HOUSTON -- We will speak of invisible architecture later. We will fully consider the way that stories are constructed for public consumption in this new and strange century. But in any era, past or present or future, every satisfying path must end at home. Just as the dominant seventh must resolve to a tonic, the final scene must close the circle, tie the ends and set up the graceful fade to black.
The Butler Bulldogs are going home, back to where they live. A season that began at Hinkle Fieldhouse a Saturday afternoon in November
will end in April, just across town. These games will be played at the building
that changed my career path, the giant brick box that casts a long sharp shadow over the capital city of Indianapolis
and darkens the view from our official headquarters
. We are all going home, and Butler's fate may very well to be to capture the flag at Sports Bubble Stadium. A National Championship by this team, in this place, would set off a chain reaction of implosions that would alter future history for all of us.
On its way to the 2010 Final Four, the Bulldogs did something the other 246 schools in the Other 24 couldn't. They defeated a line of opponents with far more resources, universities with a lot more money to spend on sports than their school has. Butler's overall athletic budget is just over $11 million, and its $1.7 million in men's basketball expenditures put the program halfway down Division I's chart. Along the way back home, the Bulldogs overcame these financial deficits (athletic budget/MBB budget, 2009):
How? Was this some kind of basketball magic? Magic is the failure to see logic in a snapshot moment, the loss of context and the big picture, the capitulation to an easy answer. "Meant to be" is a surrender, an unwillingness to study the matrix of tiny binaries in which just one single zero irrevocably alters the picture. God is the sum of all actions; a million decisions, pushes, pulls and applications of physical laws led to this singular and true reality. The fortunate floor positioning
, the two high bounces off the rim
, the double overtime game across the bracket
... every other path leads to a different place, and in those, our Epilogue is already posted.
Was it the Butler Way, that nebulous and tract-less concept that will launch a thousand feature stories this week? What is it, exactly? Is it the combination of 40 percent shooting, tepid rebounding and impeccable ball control that has given recent Bulldog teams such a high-risk combination for wins? Is it "dedication to defense?" It's certainly not salable or transferrable -- Thad Matta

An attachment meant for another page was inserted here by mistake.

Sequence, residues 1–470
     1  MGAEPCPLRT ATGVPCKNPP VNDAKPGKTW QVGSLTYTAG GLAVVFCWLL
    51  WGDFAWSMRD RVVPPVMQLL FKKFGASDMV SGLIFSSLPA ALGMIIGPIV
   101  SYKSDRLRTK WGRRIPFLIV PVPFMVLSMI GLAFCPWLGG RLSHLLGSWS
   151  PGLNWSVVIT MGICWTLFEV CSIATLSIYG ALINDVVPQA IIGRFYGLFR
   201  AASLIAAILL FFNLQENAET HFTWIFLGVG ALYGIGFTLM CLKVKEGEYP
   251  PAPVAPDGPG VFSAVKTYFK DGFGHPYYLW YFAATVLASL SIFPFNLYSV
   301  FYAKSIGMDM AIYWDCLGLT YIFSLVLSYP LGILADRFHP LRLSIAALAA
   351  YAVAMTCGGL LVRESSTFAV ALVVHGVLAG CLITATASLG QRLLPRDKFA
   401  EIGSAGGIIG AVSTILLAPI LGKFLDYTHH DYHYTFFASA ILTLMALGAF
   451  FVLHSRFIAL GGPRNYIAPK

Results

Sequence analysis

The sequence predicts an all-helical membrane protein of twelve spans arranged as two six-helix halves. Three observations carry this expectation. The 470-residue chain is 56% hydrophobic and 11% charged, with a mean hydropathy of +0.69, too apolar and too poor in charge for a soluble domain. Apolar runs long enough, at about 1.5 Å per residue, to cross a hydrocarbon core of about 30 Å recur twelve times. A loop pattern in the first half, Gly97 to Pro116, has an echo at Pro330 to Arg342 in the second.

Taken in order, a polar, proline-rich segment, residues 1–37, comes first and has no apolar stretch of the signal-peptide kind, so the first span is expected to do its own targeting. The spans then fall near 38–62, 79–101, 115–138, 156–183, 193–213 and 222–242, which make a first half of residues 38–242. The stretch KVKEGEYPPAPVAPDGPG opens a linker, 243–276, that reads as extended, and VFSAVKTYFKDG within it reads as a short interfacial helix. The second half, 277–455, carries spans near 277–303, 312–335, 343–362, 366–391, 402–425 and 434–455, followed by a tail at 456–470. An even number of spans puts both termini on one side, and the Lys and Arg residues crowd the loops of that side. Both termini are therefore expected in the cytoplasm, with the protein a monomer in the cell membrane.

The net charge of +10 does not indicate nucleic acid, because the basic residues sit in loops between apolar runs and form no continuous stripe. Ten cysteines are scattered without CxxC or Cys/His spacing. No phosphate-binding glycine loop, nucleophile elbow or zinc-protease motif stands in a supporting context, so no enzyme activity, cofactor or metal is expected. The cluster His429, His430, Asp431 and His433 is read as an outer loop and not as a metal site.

left, and ended up fighting the same early-exit tension that every high-major coach faces nowadays. Todd Lickliter
... well, his journey across the Red Line ended pretty badly.
If you have followed this team this year, this decade, this lifetime, you already have the answers that a thousand newspapermen from around the country will be grasping at this week. Butler is Butler because they put Butler's glory above their own, despite every modern cultural recommendation to the contrary. The players trust each other and listen to their coach. They don't "buy in," because this subsumption to team requires selling out one's own selfish inclinations. They play with BALLS, a particular sporting attribute that is impossible unless you're fighting alongside and for your brothers-in-arms. These are principles passed down
from generation to generation, and that's why A.J. Graves was able to crack a smile after his final loss in a Butler jersey.
The Butler Way is love. It's really not any more complicated than that.
This is easy enough to understand if you love this game enough to willingly allow it to hurt you. This is a love that most of us here recognize, because we've seen its dark side -- the uncaring disposal of the losers and the injured and the old. Butler's love has pushed it past all those who didn't love enough, and it's pushed past the boundaries met by those in the past who loved too
much, and found out it didn't matter. Butler's run is for those who couldn't break through to this point, as well. It's for the mythical Kent State-Duke regional final, a team the Flashes matched up a lot better with. It's for the alternate reality, just a few inches away from the actual one, where Jason Richards' shot found its mark. It's for all the unclosed circles, for all those who were cut down before they could return home in triumph.
Fourteen months ago, I was left stranded out on the road,
and had to choose whether to continue or quit. I decided I love this game too much to leave it; you, the readers, allowed me to continue. And your generosity continued, as we raised over $14,000 to keep this site open as an independent entity, 100 percent free of the Sports Bubble